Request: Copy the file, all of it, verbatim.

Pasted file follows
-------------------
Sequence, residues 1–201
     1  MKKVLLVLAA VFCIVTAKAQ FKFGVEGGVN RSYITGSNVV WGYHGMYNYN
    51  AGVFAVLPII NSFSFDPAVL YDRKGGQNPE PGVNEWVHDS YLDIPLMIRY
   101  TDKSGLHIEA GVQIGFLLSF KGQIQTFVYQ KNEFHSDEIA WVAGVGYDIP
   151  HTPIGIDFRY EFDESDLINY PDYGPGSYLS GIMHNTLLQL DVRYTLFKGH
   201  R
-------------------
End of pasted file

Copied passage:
Sequence, residues 1–201
     1  MKKVLLVLAA VFCIVTAKAQ FKFGVEGGVN RSYITGSNVV WGYHGMYNYN
    51  AGVFAVLPII NSFSFDPAVL YDRKGGQNPE PGVNEWVHDS YLDIPLMIRY
   101  TDKSGLHIEA GVQIGFLLSF KGQIQTFVYQ KNEFHSDEIA WVAGVGYDIP
   151  HTPIGIDFRY EFDESDLINY PDYGPGSYLS GIMHNTLLQL DVRYTLFKGH
   201  R